The answer to one of the most baffling aviation mysteries of the 20th century may finally be revealed now that intrepid mountaineers have scaled a remote and desolate peak in the Andes mountains and recovered what appears to be the flight recorders of a long-lost airliner.
The flight recorder is thought to belong to ill-fated Eastern Airlines flight 980, which went down in unexplained circumstances in 1985 in Bolivia. The US National Transportation Safety Board (NTSB) has received the remains of the black box, US reports say.
Flight 980 crashed on New Year’s Day 1985, on its approach to an airport commonly known as El Alto. El Alto, outside La Paz, Bolivia, is the highest international airport in the world with a runway at over 13,000 feet high (almost 4 kilometres).
Eastern Air Lines was a major American airline from 1926 to 1991, based at Miami International Airport.
None of the 29 people aboard the B727 survived and sudden diversion of the plane as it was coming into land has baffled investigators.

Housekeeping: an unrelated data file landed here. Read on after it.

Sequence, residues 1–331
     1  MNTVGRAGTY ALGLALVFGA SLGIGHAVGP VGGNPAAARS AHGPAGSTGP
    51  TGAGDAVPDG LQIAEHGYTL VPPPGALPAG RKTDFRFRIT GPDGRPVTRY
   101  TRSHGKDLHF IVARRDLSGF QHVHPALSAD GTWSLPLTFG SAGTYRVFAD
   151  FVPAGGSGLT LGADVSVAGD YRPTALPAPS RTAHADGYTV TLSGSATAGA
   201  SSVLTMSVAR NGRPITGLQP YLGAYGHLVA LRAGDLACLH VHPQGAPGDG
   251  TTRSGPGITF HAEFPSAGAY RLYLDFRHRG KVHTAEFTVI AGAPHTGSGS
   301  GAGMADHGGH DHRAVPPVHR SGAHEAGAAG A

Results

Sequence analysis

Flight 980 was cleared to descend from 25,000 feet to 18,000 feet. The aircraft then abruptly steered significantly off the airway for unknown reasons. The crash site was so inaccessible that all attempts to recover the flight recorders failed – until now.
Various attempts to retrieve the recorders have been made over the years, as an underlying glacier moved debris from the crash steadily along.
On 4 June 2016, after one of the warmest years on record in the area, human remains, the cockpit voice recorder and many smashed parts of the plane’s flight data recorder were recovered by a team of three.
Dan Futrell and Isaac Stoner of Operation Thonapa recovered six large metal segments and several damaged pieces of magnetic tape.
The NTSB now has the flight recorder.
Passengers on the doomed aircraft were from Paraguay, Ecuador and the United States. Among the passengers was the wife of the US Ambassador to Paraguay, Marian Davis, and two Eastern pilots flying as passengers.
Analysis of the tapes is expected to take “no more than a few weeks”, according to ABC News in the US. The NTSB will then report its findings to Bolivian authorities and the truth should finally emerge.
Written by Peter Needham